Trump-Russia: Steve Bannon questioned in Mueller inquiry
President Donald Trump's former chief strategist, Steve Bannon, has been interviewed as part of an investigation into alleged Russian meddling in the 2016 election.
He met with special counsel Robert Mueller, who leads the inquiry, over two days this week.
Mr Bannon was chairman of Mr Trump's presidential campaign before becoming a top White House official.
But he left his post in August amid reports of tension with other aides.
Mr Mueller is leading an investigation into whether the Trump campaign colluded with Russia to influence the US election. Both Moscow and Mr Trump deny this.
Investigators believe Mr Bannon may hold crucial information on the Trump administration, including details on why former FBI Director James Comey was fired by the president.
Mr Comey has previously said he has "no doubt" that he was fired by Mr Trump to "change" the Russia investigation, a charge the White House denies.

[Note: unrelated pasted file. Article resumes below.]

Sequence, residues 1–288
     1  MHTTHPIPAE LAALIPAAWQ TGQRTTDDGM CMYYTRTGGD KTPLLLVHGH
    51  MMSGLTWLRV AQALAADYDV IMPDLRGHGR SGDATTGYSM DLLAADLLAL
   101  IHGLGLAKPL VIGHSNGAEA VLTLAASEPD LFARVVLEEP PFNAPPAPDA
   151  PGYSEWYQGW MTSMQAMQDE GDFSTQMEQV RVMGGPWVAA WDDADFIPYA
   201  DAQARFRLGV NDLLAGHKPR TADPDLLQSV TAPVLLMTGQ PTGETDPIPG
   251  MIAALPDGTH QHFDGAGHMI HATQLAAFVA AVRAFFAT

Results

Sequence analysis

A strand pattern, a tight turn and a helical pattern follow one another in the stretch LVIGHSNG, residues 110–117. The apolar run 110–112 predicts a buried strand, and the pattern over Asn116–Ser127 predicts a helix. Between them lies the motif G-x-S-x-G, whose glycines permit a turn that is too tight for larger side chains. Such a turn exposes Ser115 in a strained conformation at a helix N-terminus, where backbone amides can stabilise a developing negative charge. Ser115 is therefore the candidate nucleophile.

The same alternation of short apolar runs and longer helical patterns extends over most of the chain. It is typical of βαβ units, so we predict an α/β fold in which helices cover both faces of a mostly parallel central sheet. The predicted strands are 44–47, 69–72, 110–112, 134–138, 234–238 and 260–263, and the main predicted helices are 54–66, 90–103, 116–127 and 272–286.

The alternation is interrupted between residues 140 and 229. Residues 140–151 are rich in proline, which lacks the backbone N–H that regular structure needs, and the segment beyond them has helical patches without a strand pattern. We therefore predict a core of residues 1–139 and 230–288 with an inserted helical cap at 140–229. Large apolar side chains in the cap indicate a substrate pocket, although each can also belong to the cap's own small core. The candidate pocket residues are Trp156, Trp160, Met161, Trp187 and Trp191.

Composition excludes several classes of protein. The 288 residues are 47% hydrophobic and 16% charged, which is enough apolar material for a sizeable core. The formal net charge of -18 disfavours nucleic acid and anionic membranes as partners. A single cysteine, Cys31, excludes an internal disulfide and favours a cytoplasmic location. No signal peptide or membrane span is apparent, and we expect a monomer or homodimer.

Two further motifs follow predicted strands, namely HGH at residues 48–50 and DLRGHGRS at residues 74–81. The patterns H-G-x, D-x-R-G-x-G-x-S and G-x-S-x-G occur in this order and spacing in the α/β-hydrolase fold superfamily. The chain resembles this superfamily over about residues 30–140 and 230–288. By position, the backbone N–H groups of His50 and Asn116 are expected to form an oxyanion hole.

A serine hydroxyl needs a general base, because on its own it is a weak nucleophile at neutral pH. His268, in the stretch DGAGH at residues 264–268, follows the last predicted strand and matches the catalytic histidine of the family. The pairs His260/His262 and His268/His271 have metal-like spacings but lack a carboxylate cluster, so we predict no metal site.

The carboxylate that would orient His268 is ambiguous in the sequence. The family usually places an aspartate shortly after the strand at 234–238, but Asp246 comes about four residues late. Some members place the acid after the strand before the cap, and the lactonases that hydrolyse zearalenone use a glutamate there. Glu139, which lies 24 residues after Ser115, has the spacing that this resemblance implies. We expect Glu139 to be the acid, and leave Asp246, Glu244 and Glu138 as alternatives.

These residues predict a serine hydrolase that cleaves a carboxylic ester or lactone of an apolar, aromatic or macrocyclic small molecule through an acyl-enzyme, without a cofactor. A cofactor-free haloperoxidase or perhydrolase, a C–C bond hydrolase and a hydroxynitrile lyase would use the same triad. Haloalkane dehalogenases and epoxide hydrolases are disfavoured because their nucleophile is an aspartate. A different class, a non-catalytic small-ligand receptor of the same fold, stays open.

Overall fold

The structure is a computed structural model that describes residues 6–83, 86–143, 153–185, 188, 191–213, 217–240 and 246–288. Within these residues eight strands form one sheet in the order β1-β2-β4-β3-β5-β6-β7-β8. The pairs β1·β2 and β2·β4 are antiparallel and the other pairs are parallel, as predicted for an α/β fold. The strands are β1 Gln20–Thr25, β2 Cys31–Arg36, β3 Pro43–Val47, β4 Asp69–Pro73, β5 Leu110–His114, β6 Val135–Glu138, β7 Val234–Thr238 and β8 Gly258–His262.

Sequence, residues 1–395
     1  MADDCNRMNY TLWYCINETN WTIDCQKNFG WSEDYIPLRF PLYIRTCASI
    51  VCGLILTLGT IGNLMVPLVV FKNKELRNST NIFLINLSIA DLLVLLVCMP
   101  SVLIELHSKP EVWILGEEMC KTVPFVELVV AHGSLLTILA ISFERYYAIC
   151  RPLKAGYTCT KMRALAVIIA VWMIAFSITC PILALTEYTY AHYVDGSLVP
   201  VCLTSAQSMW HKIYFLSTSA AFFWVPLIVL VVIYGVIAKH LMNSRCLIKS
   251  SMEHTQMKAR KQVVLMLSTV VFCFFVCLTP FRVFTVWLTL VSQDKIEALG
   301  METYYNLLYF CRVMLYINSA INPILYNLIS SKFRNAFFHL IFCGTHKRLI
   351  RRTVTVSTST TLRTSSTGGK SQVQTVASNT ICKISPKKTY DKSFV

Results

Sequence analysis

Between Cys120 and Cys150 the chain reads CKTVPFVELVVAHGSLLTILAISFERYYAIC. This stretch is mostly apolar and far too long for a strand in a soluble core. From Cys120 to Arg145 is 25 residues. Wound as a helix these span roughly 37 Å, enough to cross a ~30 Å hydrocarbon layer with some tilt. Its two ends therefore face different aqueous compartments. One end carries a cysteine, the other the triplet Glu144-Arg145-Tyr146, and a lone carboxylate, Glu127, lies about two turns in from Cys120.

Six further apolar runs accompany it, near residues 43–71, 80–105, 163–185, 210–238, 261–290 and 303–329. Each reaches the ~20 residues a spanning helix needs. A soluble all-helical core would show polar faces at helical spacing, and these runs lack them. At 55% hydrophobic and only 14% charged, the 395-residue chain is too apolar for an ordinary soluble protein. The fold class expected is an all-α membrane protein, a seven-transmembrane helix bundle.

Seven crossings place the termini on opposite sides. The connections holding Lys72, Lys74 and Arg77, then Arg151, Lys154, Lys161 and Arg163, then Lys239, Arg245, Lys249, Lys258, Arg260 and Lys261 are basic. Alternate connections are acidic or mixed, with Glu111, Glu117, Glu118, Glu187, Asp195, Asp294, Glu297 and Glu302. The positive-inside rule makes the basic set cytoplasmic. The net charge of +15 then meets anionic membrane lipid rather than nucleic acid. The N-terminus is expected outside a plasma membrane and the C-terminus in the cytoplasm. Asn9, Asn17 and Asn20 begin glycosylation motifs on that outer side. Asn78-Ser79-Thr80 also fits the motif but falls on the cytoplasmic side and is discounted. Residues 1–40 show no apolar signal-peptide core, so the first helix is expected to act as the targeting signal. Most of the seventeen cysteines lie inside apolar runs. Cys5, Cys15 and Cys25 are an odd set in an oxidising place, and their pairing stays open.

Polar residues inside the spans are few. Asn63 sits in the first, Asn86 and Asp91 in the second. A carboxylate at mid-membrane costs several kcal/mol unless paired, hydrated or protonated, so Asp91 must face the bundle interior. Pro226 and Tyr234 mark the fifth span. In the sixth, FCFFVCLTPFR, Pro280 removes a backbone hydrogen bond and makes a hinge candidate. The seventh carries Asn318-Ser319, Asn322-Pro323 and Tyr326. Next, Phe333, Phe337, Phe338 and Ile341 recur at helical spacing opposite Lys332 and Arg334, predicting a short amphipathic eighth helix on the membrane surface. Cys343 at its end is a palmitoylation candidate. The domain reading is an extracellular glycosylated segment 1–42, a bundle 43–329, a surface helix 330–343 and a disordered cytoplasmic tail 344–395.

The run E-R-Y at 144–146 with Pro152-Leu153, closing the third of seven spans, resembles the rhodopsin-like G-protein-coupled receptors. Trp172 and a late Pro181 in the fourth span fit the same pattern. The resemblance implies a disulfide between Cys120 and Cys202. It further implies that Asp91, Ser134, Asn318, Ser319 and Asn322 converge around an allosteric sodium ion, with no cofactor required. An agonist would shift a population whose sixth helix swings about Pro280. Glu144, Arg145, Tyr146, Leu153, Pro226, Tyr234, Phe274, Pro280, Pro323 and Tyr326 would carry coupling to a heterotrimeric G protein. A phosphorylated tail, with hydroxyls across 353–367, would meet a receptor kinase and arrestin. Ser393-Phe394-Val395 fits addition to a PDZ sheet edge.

It is not clear what Mr Bannon was questioned about, but he is reported to have spent around 20 hours speaking with Mr Mueller's team.
A source close to the process though told the Associated Press that Mr Bannon answered every question put to him.
This inquiry is running alongside four similar ones being conducted by politicians in Congress, and Mr Bannon spoke to one of them on Thursday.
He appeared in front of the House intelligence committee as part of their own, separate, investigation into possible ties between the Trump campaign and Moscow.
But he frustrated the committee when he refused to answer their questions, opting instead to answer 25 pre-written questions that had been approved by the White House.
It led top Democrats to call for contempt proceedings against Mr Bannon.
"There was a refusal to answer any questions that would have brought out the full facts. That is not how privilege works. That's how stonewalling works," the panel's Democratic leader Adam Schiff said.
In a tweet, Democratic member Joaquin Castro also accused Mr Bannon of stonewalling.
Republican Representative Mike Conaway said members of the panel were unhappy with Mr Bannon's responses.
"He did not answer all the questions we'd like answered, so there was frustration among committee members with respect to that," he said.
It is not the first time Mr Bannon has been criticised by the panel.
He voluntarily met with the same committee in January and refused to answer their questions over a 10-hour period.
The committee then issued a subpoena compelling him to return for a second time.
But Mr Bannon was reportedly advised by President Trump to invoke executive privilege, a prerogative allowing him to withhold information.